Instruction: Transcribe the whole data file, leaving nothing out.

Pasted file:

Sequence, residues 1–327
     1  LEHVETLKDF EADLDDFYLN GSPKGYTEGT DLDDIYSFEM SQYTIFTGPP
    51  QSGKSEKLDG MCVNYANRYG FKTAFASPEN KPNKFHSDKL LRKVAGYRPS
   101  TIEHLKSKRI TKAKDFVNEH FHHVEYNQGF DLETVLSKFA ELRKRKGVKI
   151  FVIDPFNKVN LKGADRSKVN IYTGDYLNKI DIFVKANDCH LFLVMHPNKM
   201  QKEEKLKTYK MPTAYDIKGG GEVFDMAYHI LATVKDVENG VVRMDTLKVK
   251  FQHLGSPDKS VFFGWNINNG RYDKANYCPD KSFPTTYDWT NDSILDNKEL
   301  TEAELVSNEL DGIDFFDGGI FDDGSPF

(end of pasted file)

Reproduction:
Sequence, residues 1–327
     1  LEHVETLKDF EADLDDFYLN GSPKGYTEGT DLDDIYSFEM SQYTIFTGPP
    51  QSGKSEKLDG MCVNYANRYG FKTAFASPEN KPNKFHSDKL LRKVAGYRPS
   101  TIEHLKSKRI TKAKDFVNEH FHHVEYNQGF DLETVLSKFA ELRKRKGVKI
   151  FVIDPFNKVN LKGADRSKVN IYTGDYLNKI DIFVKANDCH LFLVMHPNKM
   201  QKEEKLKTYK MPTAYDIKGG GEVFDMAYHI LATVKDVENG VVRMDTLKVK
   251  FQHLGSPDKS VFFGWNINNG RYDKANYCPD KSFPTTYDWT NDSILDNKEL
   301  TEAELVSNEL DGIDFFDGGI FDDGSPF